Selectors: Brooke Lowe and Karen Liston
"The crisis in black education first began in the days of slavery when it was unlawful for slaves to learn to read and write. In pre-Civil War northern cities, free blacks were forced as children to walk long distances past white schools on their way to the one school relegated solely to them. Whether by laws, policies, or practices, racially separated schools remained the norm in America from the late nineteenth century well into our own time.
Throughout the last quarter of the twentieth century and continuing today, the crisis in black education has grown significantly in urban neighborhoods where public schools lack resources, endure overcrowding, exhibit a racial achievement gap, and confront policies that fail to deliver substantive opportunities. The touted benefits of education remain elusive to many blacks of all ages. Tragically, some poorly performing schools serve as pipelines to prison for youths.
Yet, African American history is rich in centuries-old efforts of resistance to this crisis: the slaves’ surreptitious endeavors to learn; the rise of black colleges and universities after the Civil War; unrelenting battles in the courts; the black history movement; the freedom schools of the 1960s; and local community-based academic and mentorship programs that inspire a love of learning and thirst for achievement. Addressing the crisis in black education should be considered one of the most important goals in America’s past, present, and future."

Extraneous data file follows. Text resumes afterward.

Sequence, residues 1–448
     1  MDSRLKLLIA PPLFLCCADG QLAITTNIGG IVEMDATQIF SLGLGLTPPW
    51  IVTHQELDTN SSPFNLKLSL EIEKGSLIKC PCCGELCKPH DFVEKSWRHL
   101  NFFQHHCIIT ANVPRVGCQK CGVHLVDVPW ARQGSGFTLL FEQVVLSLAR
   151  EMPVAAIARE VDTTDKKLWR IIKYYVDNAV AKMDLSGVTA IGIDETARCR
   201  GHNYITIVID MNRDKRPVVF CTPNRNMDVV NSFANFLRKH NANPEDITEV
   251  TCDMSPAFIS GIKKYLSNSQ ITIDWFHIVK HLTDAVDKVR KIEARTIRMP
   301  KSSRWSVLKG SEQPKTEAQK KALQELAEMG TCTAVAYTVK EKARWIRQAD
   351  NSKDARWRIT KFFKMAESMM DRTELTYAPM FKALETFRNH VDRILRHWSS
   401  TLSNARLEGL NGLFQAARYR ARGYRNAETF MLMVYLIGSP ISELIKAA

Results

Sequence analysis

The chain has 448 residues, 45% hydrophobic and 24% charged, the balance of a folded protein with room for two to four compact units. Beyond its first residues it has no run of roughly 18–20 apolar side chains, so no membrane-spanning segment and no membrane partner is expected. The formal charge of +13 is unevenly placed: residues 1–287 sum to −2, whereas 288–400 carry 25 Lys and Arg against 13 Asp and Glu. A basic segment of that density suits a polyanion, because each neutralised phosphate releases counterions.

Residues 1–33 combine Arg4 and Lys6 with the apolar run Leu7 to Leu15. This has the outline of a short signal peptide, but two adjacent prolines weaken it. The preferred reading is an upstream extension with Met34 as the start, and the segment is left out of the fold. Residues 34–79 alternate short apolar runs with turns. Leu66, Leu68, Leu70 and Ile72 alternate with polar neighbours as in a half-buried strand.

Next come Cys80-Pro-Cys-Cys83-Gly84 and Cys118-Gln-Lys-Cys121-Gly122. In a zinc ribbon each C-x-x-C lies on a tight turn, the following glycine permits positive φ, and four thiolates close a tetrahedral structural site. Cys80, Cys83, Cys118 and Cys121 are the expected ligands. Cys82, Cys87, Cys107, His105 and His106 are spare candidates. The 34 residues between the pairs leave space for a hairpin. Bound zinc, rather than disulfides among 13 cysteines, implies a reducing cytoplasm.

-ASALH Black History Month 2017 Executive Summary
UNCF, the National Urban League, and Education Post released “Building Better Narratives in Black Education,” a joint report published by UNCF’s Frederick D. Patterson Research Institute, providing tangible approaches to shift the narrative concerning Black educational reform. The findings of the report aim to better engage communities around K-12 education and drive substantive policy changes for Black students.
What did my father mean to his black male students? Everything.
"His career spanned seven presidents, and his trademark 1970s Afro, already salt-and-pepper in his late 20s, had given way to a fully white, slightly thinning head of hair when he retired in the early 2000s. He continued to work part time in elementary and middle schools across Metro Detroit, and his presence as a black man remained an anomaly. Even now, when ethnic and racial minority students make up the majority of children in American public schools, black men are less than 2 percent of the teaching force, according to the U.S. Department of Education." Shannon Shelton Miller
"If we want black males to achieve at academics, we must encourage and support those yearnings as much as we do their athletic aspirations. We all must think more deeply about how societal perceptions of black males as “natural” athletes rather than intelligent students, adversely influences how educators view black males academically." Jerome E. Morris, Adeoye O. Adeyemo
The Road to Brown tells the story of the Brown v. Board of Education ruling as the culmination of a brilliant legal assault on segregation that launched the Civil Rights movement.
It is also a moving and long overdue tribute to a visionary but little known black lawyer, Charles Hamilton Houston, "the man who killed Jim Crow." The Road to Brown plunges us into the nightmare world of Jim Crow that robbed former slaves of the rights granted by the 14th and 15th Amendments. Under the "separate but equal" doctrine of the Supreme Court's 1896 Plessy v. Ferguson decision, black citizens were denied the right to vote, to attend white schools, to get sick in white hospitals or to be buried in white cemeteries.
"It was 40 years ago today [November 19, 2013] that the Supreme Court accepted what became a landmark case about school desegregation. The case was controversial because it involved bussing student between a largely African-American city — Detroit — and its white suburban areas. The ruling helped cement differences between urban schools and suburban neighborhoods." Sarah Alvarez, NPR
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